4 Common Hurdles When Starting To Play Guitar and How To Overcome Them

You've invested in you're first Guitar, have been practicing for weeks, and it feels like you're getting nowhere...

...or you've successfully gotten a few basics down, but feel stuck and like you're no longer improving.

Learning Guitar can be difficult (especially at first), and I've experienced frustration with guitar as well when either trying to learn a new song, style of music, or specific technique.  Below are 4 common areas that people new to Guitar struggle with, and some suggestions on how to overcome these types of hurdles:

1)  Practice Routine:

There is an old adage that goes something like: "How do you get to Carnegie Hall?  Practice, practice, practice...".

It's true that you won't see improvements in your guitar playing without putting in some effort and time into learning the instrument.  Practice is definitely critical, however it doesn't have to take over your life in order for you to see improvements in your playing.  Here are a few tricks when it comes to practicing:

  • Don't leave your Guitar in it's case.  It's much easier to pick up the Guitar when it's already out and ready to be played.
  • Commit to doing 10 minutes of practice per day.  It's better to practice a little every day than to cram it all into one day per week.
  • Remember your "Why" - what got you interested in playing Guitar in the first place?  Though practice can be boring, it helps to keep our long term goals and aspirations in mind when approaching a potentially boring practice session.


2)  Sore Fingers & Hands:

Starting to play Guitar can be tough on the fingers and hands.  The Guitar you're playing can make a big difference in playability - i.e. is it an Acoustic Guitar or Electric?  What thickness (gauge) strings does the guitar have?  How is the action (distance from the strings from the fretboard)?  All of these factors can make a big difference.  Still, some discomfort is normal when first learning guitar (especially when building up calluses on the fingertips).  Here are a few tips to help minimize any pain / discomfort from playing Guitar:

  • Make sure you have the right Guitar for your body size.  For example, children may want to start with a 3/4 scale Guitar.
  • Consider having your Guitar set up by a professional tech.  Adjustments to the neck, action, or lowering the string gauge can make a guitar much more playable and easier on the hands/fingers.
  • Take breaks - Guitar playing can be uncomfortable, but it should not be outright painful.  Start with shorter practice sessions and work up to longer ones.
  • Consider a private lesson so that an instructor can advise you on proper technique.

3)  Barre Chords

Ahhh the dreaded Barre Chords - these chords can be extremely frustrating for the beginner Guitarist.  A Barre Chord is essentially a chord in which your pointer finger presses down on all 6 strings, and the remaining 3 fingers can form a shape that can be moved up and down the neck.

(Example of a Barre Chord)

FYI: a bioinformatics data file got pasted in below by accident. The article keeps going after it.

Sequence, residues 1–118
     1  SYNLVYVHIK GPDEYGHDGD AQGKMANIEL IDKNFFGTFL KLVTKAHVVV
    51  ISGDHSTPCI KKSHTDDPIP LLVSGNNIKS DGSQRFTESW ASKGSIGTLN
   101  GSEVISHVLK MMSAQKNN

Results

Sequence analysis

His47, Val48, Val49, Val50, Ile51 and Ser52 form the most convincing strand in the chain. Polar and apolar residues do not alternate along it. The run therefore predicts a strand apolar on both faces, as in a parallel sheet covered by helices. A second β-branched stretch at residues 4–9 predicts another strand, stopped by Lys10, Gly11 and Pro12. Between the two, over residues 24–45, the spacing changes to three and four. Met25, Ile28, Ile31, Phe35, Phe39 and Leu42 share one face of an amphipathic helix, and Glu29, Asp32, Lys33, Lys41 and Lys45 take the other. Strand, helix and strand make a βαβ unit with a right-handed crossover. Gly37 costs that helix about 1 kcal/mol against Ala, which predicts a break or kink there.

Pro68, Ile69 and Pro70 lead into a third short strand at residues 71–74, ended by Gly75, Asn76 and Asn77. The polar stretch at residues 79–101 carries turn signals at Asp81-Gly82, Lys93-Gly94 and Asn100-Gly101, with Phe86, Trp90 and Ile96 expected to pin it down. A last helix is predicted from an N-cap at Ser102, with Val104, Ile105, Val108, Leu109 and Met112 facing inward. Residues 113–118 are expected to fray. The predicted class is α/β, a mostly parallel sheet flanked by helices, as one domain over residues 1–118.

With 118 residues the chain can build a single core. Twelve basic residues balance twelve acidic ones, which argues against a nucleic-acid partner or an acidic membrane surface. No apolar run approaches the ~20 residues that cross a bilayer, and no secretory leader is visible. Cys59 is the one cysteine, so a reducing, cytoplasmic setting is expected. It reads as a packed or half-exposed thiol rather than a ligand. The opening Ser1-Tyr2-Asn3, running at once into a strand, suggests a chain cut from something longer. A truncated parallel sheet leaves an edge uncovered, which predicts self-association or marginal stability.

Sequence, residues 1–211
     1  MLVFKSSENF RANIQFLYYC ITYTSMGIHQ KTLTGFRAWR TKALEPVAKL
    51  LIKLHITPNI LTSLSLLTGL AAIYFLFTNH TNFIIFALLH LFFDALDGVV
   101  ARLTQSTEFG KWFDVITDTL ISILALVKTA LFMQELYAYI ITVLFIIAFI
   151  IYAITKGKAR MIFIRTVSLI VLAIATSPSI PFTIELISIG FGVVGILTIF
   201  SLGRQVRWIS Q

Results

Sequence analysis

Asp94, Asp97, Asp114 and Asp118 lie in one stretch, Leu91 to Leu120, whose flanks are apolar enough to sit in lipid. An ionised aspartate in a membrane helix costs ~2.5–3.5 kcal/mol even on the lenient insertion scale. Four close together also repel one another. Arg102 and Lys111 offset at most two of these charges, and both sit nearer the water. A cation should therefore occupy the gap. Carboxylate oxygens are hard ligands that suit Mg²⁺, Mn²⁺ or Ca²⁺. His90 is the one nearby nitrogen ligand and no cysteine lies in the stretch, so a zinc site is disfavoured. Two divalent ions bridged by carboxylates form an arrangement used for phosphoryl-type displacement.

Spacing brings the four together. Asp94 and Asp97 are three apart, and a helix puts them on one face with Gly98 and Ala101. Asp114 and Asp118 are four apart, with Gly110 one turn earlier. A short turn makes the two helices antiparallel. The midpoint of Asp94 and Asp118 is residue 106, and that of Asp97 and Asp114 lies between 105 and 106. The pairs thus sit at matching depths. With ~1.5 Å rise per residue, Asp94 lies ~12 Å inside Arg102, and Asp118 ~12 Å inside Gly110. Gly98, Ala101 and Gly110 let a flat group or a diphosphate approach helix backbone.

The tricky part with Barre Chords is that they require a combination of technique and hand strength to pull off.  So when a new Guitar player is working on developing both, it can be a real challenge to learn these chords or play any songs where these chords are required.  Here are a few tips to overcome any frustrations with Barre Chords:

  • Use "Partial Barre Chords" until you have developed enough strength and technique to play barre chords correctly.

  • To develop proper technique, play each string individually to ensure each note is ringing clearly.
  • If certain notes aren't ringing, watch your left hand angle and ensure there's enough clearance under each finger so that the adjacent strings can vibrate freely.
  • Start with Barre chords higher up the neck (i.e. on the 7th fret).  The hardest Barre Chord is an "F" (on the 1st fret), so gradually work your way back to it from the higher starting positions.

4)  Compare & Despair

Last but not least, it's so easy to compare & despair when it comes to learning Guitar.  "Compare and Despair" means to look at other peers learning guitars, or our "Guitar Heros" and feel discouraged around our progress of learning Guitar.  This can happen when we're learning anything new (I'm experiencing some now as I'm trying to learn to sing, which I'll have to write about in another post...), and there are a few strategies that can help us get past any compare & despair frustrations:

  • Remember learning is a lifelong activity, and is often non-linear.  Meaning that we will likely experience "growth spurts" and "plateaus" and that this is normal and all part of learning anything new.
  • Repeat the mantra "Anything worth doing is worth doing poorly" - this means that it's OK to suck until we've learned the skills and put in the time necessary to improve.
  • Set some easy goals and knock them out - pick out a few songs that seem within your ability and focus on them for a while.
  • Listen to some music or go see a live show to re-ignite your enthusiasm for learning Guitar (or music in general).


I hope you found these tips helpful!  If you have any questions please don't hesitate to comment below or email me at Kevin@Kevin-Eldridge.com .  And if you're interested in Guitar Lessons, check out my Lessons page for more info.



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